Fire rated or not? Separate fire hood or not? Insulation over downlights?
Fire hoods are fire resistant covers which char and expand when exposed to the heat of a fire. Their purpose is to slow the spread of fire, by blocking the hole in the ceiling where a downlight is fitted.
Fire hoods do NOT prevent the light itself overheating, and they are NOT suitable for keeping loft insulation away from the downlight.
Fire rated downlights are the downlight and fire hood combined into one item. The light will typically have a metal can on the back, and have intumescent material inside which will expand and block the hole in the same way that a separate fire hood will.
As with the separate fire hood, these are NOT suitable for situations where loft insulation is being placed over the lights.
These are devices with a single function - to provide a space around and above the downlight to avoid overheating. Normally used where loft insulation needs to be installed over the top of the downlights.
Various types are available, including metal frames and domes of compressed mineral fibre. Other materials such as plasterboard or ceramic pots could also be used - the primary function is just to ensure a suitable space is maintained around the light to prevent overheating and failure.
These items are not generally fire rated, and normally don't need to be anyway.
Separate fire hoods are expensive and very difficult to install properly from below. If fire rated items are required, the easiest solution is to buy fire rated downlights which do not require a separate hood.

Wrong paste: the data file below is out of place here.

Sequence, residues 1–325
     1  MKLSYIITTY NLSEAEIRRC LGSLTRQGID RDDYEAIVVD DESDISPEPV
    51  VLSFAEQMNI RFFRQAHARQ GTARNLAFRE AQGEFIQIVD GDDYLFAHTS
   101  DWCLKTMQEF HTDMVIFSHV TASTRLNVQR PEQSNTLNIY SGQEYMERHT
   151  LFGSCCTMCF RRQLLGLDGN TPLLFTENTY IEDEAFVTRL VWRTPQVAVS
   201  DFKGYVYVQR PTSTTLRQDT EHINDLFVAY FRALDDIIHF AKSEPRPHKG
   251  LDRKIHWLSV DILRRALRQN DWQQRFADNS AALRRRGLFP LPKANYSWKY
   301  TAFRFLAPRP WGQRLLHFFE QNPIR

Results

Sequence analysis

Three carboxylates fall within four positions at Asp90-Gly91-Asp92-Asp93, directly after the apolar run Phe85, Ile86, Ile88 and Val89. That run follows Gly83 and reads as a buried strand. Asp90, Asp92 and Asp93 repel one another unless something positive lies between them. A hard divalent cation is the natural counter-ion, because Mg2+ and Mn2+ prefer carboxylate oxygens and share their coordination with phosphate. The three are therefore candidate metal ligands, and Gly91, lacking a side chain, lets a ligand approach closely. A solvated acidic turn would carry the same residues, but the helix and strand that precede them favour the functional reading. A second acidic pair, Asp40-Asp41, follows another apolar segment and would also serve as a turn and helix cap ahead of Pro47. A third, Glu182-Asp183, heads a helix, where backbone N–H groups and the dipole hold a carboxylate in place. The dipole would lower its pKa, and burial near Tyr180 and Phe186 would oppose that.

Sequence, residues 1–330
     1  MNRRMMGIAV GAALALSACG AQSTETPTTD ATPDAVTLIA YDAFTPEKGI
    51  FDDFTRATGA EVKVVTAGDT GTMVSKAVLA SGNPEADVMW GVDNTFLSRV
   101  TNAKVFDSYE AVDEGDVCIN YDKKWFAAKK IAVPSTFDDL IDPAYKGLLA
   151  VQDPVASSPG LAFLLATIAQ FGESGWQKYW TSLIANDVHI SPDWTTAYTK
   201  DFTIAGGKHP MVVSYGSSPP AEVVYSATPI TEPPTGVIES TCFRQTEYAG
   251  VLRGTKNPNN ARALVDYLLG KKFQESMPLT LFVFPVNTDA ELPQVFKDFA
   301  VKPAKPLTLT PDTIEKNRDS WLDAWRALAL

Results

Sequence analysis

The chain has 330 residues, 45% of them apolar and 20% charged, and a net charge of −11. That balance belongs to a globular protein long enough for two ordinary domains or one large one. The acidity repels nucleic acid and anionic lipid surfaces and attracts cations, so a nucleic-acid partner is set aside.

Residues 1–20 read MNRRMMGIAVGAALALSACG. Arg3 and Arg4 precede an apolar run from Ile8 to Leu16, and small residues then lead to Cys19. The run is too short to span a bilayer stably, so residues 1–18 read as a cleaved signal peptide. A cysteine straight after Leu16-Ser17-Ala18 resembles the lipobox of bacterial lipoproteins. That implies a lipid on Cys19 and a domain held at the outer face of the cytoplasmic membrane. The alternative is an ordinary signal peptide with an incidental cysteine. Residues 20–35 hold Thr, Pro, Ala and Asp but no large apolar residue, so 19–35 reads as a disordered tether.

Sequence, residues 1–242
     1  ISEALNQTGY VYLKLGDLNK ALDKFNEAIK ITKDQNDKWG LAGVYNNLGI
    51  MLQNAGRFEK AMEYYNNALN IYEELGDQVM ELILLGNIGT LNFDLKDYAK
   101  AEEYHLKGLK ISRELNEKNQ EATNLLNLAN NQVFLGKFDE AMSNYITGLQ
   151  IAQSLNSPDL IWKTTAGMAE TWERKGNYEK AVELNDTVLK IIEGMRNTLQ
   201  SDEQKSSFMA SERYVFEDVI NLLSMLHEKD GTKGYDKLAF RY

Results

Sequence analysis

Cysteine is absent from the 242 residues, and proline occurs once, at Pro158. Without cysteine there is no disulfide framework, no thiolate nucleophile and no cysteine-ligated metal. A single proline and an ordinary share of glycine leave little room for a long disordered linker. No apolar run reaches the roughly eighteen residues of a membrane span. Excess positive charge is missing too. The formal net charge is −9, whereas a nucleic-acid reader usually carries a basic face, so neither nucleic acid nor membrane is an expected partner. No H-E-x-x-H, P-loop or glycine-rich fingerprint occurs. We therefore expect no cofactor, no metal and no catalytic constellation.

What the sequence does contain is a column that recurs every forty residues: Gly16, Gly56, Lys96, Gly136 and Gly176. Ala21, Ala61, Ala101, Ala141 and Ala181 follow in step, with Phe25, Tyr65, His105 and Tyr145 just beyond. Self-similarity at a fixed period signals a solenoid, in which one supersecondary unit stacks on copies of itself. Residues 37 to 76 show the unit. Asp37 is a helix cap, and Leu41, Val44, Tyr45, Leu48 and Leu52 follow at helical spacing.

Where insulation is to be placed above, then some form of spacer or support is necessary to avoid the light overheating in normal use. Placing insulation directly over most downlights will cause the light to overheat and fail.
Some downlights already include a suitable spacing device as part of the light itself - but check the manufacturer's instructions to confirm exactly what is permitted when installing them.
Fire rated lights are only needed if the ceiling they are being installed in forms part of a fire compartment - a room or part of a house which is intended to contain a fire and prevent it spreading to another part of the building for a defined amount of time.
In most domestic properties, few or no ceilings form fire compartments and fire rated lights are not required. However there is nothing wrong with installing them even if not needed, and there are other considerations such as sound transmission and moisture resistance.